Archive for the ‘Philanthropy’ Category


Max Oliva, Associate Director, Social Impact Management
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The Acumen Fund is trying to create an “entrepreneurial bench” of top talent with strong financial and operational skills as well as the moral imagination to build appropriate enterprises with local stakeholders. Through the Acumen Fund Fellows Program, they have identified and developed in their own words “some of the world’s next generation of leaders”.
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They have just announced a call for extraordinary individuals to build the Acumen Fund Fellows class of 2008, a program which provides them with a unique opportunity to use their skills to effect real social change with our portfolio organizations in Kenya, Tanzania, South Africa, India and Pakistan, and to build lasting relationships with other like-minded individuals. Fellows will spend one year working with their team and with local entrepreneurs, gaining intensive experience in price performance, logistics, distribution systems, scaling and innovative technology. Fellows will learn and apply these skills while enjoying an unusual level of responsibility both at Acumen Fund and within our portfolio organizations.
Ideal fellows include those who have already decided on a career in venture philanthropy, those who are seeking a career at the highest levels in the corporate world but want to better understand and have an impact on problems of global poverty, and budding social entrepreneurs who want to learn about managing organizations in the most demanding settings.
The application’s deadline is January 31, 2007, having the selection phase by mid-April and the program beginning in September. You can find more information and application guidelines at Acumen Fund.
Apply now.
Learn more about the Fellows Program.
Acumen Fund and Social Entrepreneurship in Action.


Max Oliva, Associate Director, Social Impact Management
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The Global Fund to fight Aids, Tuberculosis and Malaria, which has around $10bn raised money to fight these diseases, has recently held its 14th board meeting. It’s interesting to see the views from different stakeholders in regards to this meeting in order to make an assessment of their work. Although it has a very challenging future, being results focused, governance and other methods make it a learning organization which allows them to improve their processes and methodology on an ongoing basis.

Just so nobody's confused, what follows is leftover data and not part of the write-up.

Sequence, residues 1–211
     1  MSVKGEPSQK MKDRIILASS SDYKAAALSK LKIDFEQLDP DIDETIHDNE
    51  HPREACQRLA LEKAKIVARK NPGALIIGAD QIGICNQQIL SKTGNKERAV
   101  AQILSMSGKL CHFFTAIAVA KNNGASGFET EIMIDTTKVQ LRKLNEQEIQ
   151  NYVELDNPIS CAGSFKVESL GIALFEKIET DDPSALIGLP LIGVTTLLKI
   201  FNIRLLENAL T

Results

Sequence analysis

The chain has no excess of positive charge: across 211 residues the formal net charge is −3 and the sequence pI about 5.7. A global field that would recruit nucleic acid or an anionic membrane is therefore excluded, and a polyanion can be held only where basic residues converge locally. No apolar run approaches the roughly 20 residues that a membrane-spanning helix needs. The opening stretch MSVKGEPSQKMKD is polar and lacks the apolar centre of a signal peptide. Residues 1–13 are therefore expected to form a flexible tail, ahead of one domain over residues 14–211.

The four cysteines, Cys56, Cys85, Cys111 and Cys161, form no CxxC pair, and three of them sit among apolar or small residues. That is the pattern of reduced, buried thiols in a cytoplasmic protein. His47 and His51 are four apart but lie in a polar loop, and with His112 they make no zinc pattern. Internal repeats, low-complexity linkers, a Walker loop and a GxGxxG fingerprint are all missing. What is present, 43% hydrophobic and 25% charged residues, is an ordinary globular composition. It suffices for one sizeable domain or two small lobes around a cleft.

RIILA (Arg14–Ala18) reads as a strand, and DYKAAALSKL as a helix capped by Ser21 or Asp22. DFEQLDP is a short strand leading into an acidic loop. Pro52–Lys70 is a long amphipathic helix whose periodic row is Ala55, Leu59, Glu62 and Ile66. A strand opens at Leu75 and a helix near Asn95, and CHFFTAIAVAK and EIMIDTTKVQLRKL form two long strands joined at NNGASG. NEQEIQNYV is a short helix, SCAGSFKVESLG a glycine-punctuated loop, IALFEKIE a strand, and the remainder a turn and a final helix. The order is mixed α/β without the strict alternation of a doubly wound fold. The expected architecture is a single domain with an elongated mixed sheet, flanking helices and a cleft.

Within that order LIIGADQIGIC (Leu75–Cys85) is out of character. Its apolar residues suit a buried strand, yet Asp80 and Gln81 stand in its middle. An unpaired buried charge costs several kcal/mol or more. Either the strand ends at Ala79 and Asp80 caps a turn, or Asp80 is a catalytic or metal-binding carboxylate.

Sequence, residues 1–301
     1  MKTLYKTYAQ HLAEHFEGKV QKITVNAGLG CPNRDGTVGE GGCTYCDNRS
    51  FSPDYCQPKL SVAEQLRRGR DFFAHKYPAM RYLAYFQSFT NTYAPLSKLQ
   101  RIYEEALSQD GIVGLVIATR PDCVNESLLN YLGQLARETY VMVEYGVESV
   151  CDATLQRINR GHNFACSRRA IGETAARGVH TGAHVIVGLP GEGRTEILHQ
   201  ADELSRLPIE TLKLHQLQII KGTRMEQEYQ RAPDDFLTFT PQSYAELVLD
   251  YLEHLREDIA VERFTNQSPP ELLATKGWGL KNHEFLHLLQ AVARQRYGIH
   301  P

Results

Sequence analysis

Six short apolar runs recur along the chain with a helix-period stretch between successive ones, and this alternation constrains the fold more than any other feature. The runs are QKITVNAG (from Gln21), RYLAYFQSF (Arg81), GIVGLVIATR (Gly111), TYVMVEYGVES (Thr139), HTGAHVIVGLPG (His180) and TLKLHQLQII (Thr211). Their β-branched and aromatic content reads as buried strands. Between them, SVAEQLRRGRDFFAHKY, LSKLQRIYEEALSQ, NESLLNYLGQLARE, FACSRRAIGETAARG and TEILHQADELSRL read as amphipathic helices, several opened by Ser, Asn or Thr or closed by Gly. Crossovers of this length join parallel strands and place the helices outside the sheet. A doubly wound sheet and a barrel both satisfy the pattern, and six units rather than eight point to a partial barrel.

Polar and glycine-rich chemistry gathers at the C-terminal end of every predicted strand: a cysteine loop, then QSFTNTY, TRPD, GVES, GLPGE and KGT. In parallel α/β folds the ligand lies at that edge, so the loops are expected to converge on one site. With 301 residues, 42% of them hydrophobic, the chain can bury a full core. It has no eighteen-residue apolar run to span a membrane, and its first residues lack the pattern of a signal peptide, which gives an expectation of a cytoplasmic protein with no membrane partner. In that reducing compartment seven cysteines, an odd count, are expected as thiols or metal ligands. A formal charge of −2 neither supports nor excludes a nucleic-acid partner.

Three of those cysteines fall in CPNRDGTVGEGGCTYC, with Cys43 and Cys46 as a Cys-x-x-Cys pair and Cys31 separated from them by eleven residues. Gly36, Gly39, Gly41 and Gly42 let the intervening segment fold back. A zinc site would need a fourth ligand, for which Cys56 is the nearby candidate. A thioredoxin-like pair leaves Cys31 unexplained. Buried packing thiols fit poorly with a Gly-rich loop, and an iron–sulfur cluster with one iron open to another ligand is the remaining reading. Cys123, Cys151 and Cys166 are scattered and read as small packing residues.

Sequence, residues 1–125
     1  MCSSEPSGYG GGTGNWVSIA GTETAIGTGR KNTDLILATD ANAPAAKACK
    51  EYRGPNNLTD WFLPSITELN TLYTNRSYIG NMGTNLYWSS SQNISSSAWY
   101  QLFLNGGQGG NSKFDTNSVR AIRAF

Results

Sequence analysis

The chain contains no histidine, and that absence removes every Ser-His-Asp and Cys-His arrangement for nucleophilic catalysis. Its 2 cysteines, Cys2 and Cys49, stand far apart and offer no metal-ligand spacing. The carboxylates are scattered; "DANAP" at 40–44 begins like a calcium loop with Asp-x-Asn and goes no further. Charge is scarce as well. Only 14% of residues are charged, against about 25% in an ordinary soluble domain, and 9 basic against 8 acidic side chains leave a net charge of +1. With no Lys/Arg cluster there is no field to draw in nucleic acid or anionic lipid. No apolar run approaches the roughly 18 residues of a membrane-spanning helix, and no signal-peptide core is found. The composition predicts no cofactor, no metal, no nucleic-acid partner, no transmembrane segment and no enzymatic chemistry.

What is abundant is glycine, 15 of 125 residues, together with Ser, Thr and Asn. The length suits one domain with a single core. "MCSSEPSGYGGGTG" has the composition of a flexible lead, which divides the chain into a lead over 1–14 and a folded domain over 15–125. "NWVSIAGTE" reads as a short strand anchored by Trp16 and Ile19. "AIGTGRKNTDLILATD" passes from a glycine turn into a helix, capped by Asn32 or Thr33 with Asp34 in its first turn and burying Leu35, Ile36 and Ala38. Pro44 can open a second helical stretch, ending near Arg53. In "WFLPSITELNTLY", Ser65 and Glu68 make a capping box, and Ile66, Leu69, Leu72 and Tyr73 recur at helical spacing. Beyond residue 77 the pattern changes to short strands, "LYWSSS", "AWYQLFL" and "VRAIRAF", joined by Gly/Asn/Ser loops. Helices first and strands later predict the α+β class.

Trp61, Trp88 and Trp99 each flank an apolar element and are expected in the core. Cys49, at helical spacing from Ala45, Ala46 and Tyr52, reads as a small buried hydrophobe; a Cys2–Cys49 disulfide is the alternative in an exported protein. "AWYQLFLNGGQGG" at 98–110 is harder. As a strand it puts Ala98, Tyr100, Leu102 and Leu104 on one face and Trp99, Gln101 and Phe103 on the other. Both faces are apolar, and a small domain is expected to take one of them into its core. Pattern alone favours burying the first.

According to the Financial Times, “its governance structure, which offers board seats to developing nations and non-governmental groups as well as donor nations and the private sector, is one of the more pioneering aspects of its operation. It is designed to provide “ownership” to recipients as well as donors, encouraging them to be more responsive and effective.” It has however challenging issues which it must still tackle.
They have planned a Five-Year Evaluation which will be implemented under the guidance of the TERG. It is framed by a set of three overarching questions related to the organizational efficiency of the Global Fund; the effectiveness of the Global Fund partner environment; and the impact of the Global Fund on the three diseases. This report will be ready in 2008.
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“Four years ago, almost nobody in Africa and elsewhere in the developing world was receiving treatment. That well over one million people with AIDS are on now on treatment through the support of Global Fund is a remarkable achievement,” Professor Richard Feachem, Executive Director of the Global Fund.
Feel like contributing with your knowledge? How about taking part on the Five Year Evaluation of the Global Fund? You have until January 15th, 2007.
Feel more committed? They are recruiting!
See a very compelling video by Kristen Ashburn, who has photographed the impact of AIDS in southern Africa in case you still need a small motivational push…


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Watch a 40 second message of Bono in regards to AIDS.
In 2000, heads of state made a promise to halt and begin to reverse the spread of AIDS by 2015.
New reports by UNAIDS and the World Health Organization (WHO) indicate that, as of 2006, the epidemic continues to spread in every region of the world. By now more than 65 million people have been infected with HIV and well over 25 million people have died of AIDS since 1981, 2.9 million in 2006 alone. At this rate, the WHO predicts that in the next 25 years another 117 million people will die, making AIDS the third leading cause of death worldwide.
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Anything strange about this familiar image? The (RED) campaign is getting a great boost today by
According to research revealed by the BBC, More than a million jobs are being lost every year from the spread of HIV/Aids, the bulk of them in sub-Saharan Africa.
The Clinton Foundation is to Lead $50 Million Effort with UNITAID to Assist 40 Countries to Expand Treatment to 100,000 Additional Children in 2007